“Be strict both ways, don't over-penalise one side and then don't give anything to the other. If it was a high tackle by Habana then it should have been one on De Villiers.”

Rather than complain, what about a solution. Cutting referees some slack, Krige suggests that to eradicate big mistakes, captains should have the option to review decisions to the TMO.

“With the stakes being so high, what would be great would to be give each captain the option to review like in cricket,” states Krige.

“With so much money and jobs at stake for coaches, it's hugely important we get this right and to a point where players can review those decisions.

“I'm not a conspiracy theories man. What I do believe though is that referees do make genuinely honest mistakes, but those shouldn't cost a team a game if they can be reviewed in some way. Referees don't genuinely cheat because the whole world would see and they'd lose their jobs. It would be stupid.”

The culmination of those events in Perth meant that Habana's 100th cap was an affair to forget for the Springbok wing.

“The loss, not the card, ruined the occasion for him,” underlined Krige.

“I spoke to John Smit and he said that his worst rugby memory was missing a tackle in his 100th Test when New Zealand then scored and won the game.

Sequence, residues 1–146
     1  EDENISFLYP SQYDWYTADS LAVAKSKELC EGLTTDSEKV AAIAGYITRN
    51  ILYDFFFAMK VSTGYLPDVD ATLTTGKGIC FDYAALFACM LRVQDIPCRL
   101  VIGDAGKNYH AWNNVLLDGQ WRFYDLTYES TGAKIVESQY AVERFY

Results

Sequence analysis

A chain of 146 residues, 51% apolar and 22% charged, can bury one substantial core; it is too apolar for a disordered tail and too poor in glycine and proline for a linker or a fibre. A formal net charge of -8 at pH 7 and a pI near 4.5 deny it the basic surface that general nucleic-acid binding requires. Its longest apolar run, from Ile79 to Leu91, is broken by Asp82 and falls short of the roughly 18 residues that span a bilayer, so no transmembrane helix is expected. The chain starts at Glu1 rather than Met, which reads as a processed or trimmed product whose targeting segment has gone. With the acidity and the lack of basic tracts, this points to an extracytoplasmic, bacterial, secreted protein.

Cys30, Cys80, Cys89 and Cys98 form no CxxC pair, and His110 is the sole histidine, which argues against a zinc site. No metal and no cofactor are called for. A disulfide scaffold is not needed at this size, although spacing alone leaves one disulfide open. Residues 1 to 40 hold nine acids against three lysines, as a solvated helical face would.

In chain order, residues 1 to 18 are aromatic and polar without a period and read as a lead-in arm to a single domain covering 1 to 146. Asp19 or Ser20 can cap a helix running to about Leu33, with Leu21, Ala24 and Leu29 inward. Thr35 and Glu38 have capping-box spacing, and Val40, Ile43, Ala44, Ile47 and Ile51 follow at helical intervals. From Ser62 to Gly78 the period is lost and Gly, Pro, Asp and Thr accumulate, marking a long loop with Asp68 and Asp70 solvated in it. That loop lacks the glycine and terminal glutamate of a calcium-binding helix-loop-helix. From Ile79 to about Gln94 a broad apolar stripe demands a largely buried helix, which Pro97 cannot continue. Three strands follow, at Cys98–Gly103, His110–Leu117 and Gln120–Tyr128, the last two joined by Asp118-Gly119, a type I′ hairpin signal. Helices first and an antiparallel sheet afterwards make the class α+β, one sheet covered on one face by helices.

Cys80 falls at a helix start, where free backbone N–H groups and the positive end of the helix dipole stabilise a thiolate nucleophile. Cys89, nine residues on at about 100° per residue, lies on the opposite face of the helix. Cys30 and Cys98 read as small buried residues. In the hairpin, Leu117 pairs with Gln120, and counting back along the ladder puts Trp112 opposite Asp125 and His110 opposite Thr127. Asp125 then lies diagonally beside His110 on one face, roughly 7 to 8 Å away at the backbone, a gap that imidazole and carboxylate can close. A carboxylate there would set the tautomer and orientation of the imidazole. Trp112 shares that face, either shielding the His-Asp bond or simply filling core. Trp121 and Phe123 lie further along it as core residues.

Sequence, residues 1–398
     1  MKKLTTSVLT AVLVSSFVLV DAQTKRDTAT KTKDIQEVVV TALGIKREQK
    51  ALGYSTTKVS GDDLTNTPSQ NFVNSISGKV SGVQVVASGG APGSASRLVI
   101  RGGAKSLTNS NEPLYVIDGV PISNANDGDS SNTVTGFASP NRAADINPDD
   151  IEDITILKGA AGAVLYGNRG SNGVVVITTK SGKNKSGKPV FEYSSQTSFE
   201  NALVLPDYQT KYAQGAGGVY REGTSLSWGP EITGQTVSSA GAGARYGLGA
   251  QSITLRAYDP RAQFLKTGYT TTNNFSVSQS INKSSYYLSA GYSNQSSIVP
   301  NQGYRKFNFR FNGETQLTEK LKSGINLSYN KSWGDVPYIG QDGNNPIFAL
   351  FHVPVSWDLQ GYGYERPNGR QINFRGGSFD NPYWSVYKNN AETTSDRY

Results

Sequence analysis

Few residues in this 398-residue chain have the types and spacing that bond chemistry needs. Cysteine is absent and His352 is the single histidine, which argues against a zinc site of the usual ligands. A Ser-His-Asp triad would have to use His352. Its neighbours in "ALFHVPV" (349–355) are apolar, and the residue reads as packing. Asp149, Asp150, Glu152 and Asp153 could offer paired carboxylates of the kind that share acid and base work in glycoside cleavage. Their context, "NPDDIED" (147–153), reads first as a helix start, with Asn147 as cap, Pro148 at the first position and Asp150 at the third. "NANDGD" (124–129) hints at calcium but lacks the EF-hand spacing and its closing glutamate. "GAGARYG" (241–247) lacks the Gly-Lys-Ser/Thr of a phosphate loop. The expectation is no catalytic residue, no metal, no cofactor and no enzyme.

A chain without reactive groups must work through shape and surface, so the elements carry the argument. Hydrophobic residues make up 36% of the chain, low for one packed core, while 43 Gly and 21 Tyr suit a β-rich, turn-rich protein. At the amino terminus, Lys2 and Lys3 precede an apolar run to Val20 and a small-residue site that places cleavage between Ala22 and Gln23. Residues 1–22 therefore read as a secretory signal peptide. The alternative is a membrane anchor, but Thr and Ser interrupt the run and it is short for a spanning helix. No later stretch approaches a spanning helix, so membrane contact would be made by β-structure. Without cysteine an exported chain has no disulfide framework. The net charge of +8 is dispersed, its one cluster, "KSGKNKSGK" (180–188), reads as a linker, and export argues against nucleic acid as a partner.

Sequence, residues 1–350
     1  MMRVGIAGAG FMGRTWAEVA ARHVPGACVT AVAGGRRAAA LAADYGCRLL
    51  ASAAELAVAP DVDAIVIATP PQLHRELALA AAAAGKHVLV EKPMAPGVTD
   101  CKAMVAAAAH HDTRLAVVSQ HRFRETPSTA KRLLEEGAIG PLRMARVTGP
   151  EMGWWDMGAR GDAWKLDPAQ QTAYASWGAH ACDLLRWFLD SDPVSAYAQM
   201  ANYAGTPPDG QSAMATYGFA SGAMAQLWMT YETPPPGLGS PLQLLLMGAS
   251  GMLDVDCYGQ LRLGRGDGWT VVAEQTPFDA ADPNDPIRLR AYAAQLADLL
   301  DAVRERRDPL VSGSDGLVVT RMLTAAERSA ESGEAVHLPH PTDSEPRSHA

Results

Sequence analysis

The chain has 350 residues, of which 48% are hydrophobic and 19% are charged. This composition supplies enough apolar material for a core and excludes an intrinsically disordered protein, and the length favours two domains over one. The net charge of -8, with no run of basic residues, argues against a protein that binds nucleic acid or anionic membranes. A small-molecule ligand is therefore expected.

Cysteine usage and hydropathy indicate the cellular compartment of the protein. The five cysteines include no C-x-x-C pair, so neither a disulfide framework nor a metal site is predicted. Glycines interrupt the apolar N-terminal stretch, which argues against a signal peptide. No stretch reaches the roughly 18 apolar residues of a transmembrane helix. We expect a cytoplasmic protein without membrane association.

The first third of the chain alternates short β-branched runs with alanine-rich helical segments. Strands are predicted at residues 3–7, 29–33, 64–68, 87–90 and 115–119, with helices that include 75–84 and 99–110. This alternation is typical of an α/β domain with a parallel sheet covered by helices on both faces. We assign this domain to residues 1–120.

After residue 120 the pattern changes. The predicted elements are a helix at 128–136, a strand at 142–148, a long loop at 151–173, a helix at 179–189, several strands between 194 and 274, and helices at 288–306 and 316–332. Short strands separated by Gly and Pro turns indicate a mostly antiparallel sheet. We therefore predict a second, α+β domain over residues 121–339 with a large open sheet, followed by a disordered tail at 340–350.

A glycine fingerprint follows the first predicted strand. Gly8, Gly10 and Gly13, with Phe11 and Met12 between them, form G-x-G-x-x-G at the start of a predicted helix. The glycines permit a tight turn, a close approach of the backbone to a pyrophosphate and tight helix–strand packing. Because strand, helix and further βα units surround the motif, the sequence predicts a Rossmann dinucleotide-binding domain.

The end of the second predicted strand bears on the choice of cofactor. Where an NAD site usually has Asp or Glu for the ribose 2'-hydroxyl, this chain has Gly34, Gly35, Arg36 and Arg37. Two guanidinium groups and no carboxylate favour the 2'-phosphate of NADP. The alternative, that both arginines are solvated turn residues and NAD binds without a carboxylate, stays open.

“You've worked so hard for so many years, putting in everything to reach that point. Bryan will have been really disappointed and it probably took a little bit away of what an amazing achievement it is and what an ambassador he's been for South African rugby.”

Will there, after such a crushing loss, be a comeback from South Africa this weekend against New Zealand?

Given that the Boks haven't won against the All Blacks for three years it's hard to see, but Krige knows what's required to make life for New Zealand difficult – especially taking into account the Springboks' recent scrum problems and the All Blacks uncanny ability to take their opportunities.

“New Zealand still see South Africa as their fiercest competitor, because they can match them physically right from the word go. You have to convert that into pressure and force them into mistakes. They're used to playing fun football, they don't like going backwards.